TB HIV Care healthcare workers are also looking forward to Pocket Clinic speeding up the implementation process, allowing them to meet higher targets and move closer to the 95-95-95 goal.

“This release was particularly important as it launches Pocket Clinic’s offline functionality – a big need in African healthcare, especially with electricity and connectivity shortages. This came as a specific need to use Pocket Clinic in mobile HIV/TB testing clinics – taking screening and testing closer to people.” –Dr Musaed Abrahams, CEO of Aviro Health

To date, the platform has been validated in trials assessed by leading universities, Johns Hopkins, Wits and UCT. Since its inception, digitally-assisted, self-testing in booths has attracted people who don’t usually test (especially males), improving testing rates at facilities by 50%. Thus, Aviro Health looks forward to contributing to community-based testing in the Eastern Cape, to see HIV testing become a widely accepted norm.

Aviro Health is a leading African digital health company using empathy, design, and technology to improve and scale counselling and patient support.


World Hepatitis Day event ‘Storytelling for Advocacy’ gives voice to those impacted by a disease that kills 200,000 every year

To mark World Hepatitis Day, organisations from across South Africa are teaming up to raise awareness of viral hepatitis, which kills 200,000 people across Africa every year. A virtual event – Storytelling for Advocacy – will shine a spotlight on the people impacted by viral hepatitis, and demonstrate the power personal stories can have on advocacy efforts and policy change.

According to the World Health Organization (WHO), dying from viral hepatitis in Africa is becoming a bigger threat than dying from HIV/AIDS, malaria or tuberculosis. Chronic viral hepatitis affects over 70 million Africans (60 million with hepatitis B and 10 million with hepatitis C).

In South Africa, there are an estimated 3.4 million people with hepatitis B and 400,000 people with hepatitis C (HCV). An estimated 82,500 people inject drugs – the primary way that HCV is transmitted – with HCV prevalence in some cities over 90 per cent.

“Hepatitis B infection is preventable via vaccination,” explains Dr Andrew Scheibe, technical advisor at TB HIV Care in Cape Town. “And there are treatments available for hepatitis C that have a 95 per cent cure rate, although these Direct Acting Antivirals (DAAs) are unfortunately not yet available in South Africa.”

The event will be held virtually at 8.30am South African time Monday 25th July 2022 (three days before World Hepatitis Day). It will last for 90 minutes and aims to tackle one of the main drivers that stop people at risk of viral hepatitis accessing treatment and care.

“People most at risk of viral hepatitis tend to be from very marginalised communities and face high levels of stigma and discrimination,” explains Angela McBride, director of the South African Network of People Who Use Drugs (SANPUD). “The endemic will not end, until the stigma and discrimination which stops so many from seeking healthcare, ends too. We hope that by sharing the voices of those impacted, we can start to break down these barriers.”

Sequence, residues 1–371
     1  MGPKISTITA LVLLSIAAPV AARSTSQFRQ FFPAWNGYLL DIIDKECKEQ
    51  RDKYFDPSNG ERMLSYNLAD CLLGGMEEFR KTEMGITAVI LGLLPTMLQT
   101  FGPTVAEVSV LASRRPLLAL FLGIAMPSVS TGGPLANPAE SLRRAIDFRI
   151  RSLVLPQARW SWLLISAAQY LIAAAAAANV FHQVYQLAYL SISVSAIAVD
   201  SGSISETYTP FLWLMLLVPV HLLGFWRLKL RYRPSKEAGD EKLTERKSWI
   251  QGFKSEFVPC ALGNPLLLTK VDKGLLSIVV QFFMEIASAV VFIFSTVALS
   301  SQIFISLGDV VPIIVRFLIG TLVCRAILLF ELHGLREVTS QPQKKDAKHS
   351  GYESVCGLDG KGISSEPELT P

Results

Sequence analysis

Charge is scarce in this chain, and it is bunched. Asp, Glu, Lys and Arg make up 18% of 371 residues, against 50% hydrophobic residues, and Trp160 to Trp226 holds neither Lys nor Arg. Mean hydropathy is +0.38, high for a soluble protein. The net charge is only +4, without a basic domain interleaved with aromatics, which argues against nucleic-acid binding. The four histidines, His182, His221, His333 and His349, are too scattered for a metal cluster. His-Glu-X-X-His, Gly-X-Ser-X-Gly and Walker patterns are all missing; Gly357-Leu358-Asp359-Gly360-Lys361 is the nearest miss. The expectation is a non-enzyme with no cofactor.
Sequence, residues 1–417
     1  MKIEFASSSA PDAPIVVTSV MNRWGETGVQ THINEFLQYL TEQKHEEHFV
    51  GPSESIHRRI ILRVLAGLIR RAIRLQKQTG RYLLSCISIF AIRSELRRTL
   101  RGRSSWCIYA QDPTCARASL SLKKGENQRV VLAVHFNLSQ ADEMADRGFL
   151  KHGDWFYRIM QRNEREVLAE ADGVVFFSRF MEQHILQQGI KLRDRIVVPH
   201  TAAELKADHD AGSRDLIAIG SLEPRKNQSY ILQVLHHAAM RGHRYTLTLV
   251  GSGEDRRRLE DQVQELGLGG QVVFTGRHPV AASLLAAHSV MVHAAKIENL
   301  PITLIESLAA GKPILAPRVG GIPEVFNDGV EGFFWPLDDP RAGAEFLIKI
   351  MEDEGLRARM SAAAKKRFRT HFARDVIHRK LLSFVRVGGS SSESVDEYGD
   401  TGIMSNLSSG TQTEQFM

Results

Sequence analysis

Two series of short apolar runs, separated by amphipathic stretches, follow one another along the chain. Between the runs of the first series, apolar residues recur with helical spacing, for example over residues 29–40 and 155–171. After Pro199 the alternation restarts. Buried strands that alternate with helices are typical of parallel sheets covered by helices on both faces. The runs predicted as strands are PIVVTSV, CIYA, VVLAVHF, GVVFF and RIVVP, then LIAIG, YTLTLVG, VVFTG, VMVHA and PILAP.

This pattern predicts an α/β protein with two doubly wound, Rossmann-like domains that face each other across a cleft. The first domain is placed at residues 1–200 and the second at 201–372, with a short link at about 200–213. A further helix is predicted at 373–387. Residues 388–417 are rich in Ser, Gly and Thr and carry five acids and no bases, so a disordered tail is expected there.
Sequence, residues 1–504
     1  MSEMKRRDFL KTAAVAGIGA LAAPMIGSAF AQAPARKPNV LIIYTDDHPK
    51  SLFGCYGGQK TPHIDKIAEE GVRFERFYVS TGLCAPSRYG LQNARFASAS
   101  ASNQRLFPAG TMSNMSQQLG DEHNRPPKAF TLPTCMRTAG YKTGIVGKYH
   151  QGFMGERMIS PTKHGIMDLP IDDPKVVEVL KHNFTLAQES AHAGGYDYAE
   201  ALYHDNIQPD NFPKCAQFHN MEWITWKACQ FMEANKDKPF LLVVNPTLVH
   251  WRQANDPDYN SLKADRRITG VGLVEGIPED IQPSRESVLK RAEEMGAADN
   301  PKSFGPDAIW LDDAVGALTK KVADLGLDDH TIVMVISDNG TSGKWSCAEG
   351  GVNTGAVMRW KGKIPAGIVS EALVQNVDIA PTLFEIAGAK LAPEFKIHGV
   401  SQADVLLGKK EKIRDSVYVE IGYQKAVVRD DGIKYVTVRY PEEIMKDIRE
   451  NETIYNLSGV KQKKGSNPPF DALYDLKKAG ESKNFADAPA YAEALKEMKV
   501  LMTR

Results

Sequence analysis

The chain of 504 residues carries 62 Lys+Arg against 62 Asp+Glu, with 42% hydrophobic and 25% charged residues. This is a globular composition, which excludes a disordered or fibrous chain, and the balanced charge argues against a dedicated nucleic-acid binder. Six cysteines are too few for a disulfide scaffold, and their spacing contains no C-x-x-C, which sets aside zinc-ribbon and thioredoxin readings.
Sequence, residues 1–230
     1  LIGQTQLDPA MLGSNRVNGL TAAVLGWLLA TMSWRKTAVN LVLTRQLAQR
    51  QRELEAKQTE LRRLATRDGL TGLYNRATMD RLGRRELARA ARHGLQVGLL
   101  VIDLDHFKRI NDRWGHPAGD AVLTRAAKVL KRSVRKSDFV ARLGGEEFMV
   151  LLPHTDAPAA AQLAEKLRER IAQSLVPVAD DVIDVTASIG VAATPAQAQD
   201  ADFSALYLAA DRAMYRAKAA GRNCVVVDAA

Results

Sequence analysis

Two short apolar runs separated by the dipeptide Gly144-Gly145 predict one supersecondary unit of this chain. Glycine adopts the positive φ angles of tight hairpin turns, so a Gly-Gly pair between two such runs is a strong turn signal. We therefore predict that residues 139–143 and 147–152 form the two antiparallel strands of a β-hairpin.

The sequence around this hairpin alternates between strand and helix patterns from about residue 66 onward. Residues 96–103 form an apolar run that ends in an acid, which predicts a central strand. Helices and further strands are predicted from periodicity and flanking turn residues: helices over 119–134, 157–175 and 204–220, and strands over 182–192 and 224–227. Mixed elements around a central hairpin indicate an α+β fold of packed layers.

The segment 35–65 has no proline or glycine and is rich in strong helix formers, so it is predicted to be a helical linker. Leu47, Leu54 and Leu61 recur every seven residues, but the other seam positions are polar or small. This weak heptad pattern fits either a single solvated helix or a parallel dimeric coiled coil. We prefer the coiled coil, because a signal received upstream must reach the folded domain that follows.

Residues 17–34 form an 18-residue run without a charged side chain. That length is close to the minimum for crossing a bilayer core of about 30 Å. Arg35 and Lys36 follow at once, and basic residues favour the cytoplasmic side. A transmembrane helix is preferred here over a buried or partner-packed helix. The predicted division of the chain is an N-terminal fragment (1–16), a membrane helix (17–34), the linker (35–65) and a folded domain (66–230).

Led by the International Network on Health and Hepatitis in Substance Users (INHSU) and held in collaboration with TB HIV Care, the virtual ‘Storytelling for Advocacy’ event will give people with lived experience of using drugs and/or living with viral hepatitis, the chance to share their stories.

Partners of the event include The South African Network of People Who Use Drugs (SANPUD), South African National AIDS Council (SANAC), the South African Central Drug Authority (CDA), the South African Department of Social Development, the South African Department of Health, South African National Aids Council (SANAC), alongside organisations from Kenya.

Other speakers include:

  • Award-winning South African storyteller Mathapelo Mofokeng, who will help organisations and individuals understand the power of storytelling, and how personal stories can influence advocacy efforts and facilitate policy change
  • Dr Kgomotso Vilakazi-Nhlapo, Viral Hepatitis Lead, National Department of Health, South Africa
  • Koketso Mokubane, Peer, South African Network of People Who Use Drugs, South Africa
  • Wamda Abuelhassan, Gastroenterologist, Johannesburg, South Africa
  • Dr Andrew Scheibe, Technical Advisor at TB HIV Care
  • Plus, more to be announced from Kenya

“This event builds on a range of activities that INHSU has delivered with partners in South Africa since 2020,” explained Nikitah Habraken, acting executive director of INHSU. “These coordinated advocacy efforts are so important in raising awareness of the inequalities facing people who use drugs and ensuring that viral hepatitis elimination efforts stay on national agendas.”

The free-to-attend virtual event is open to physicians, nurses, community workers, policy makers, program managers, people with lived experience, advocates and anyone with an interest in the health and wellbeing of people who use drugs.

Register here:

More information:

  • For South Africa specific interviews please contact Phumlani Malinga, Communications Department at SANPUD
  • For images, general enquiries, or interviews with the International Network on Health and Hepatitis in Substance Users please Brooke Nolan on: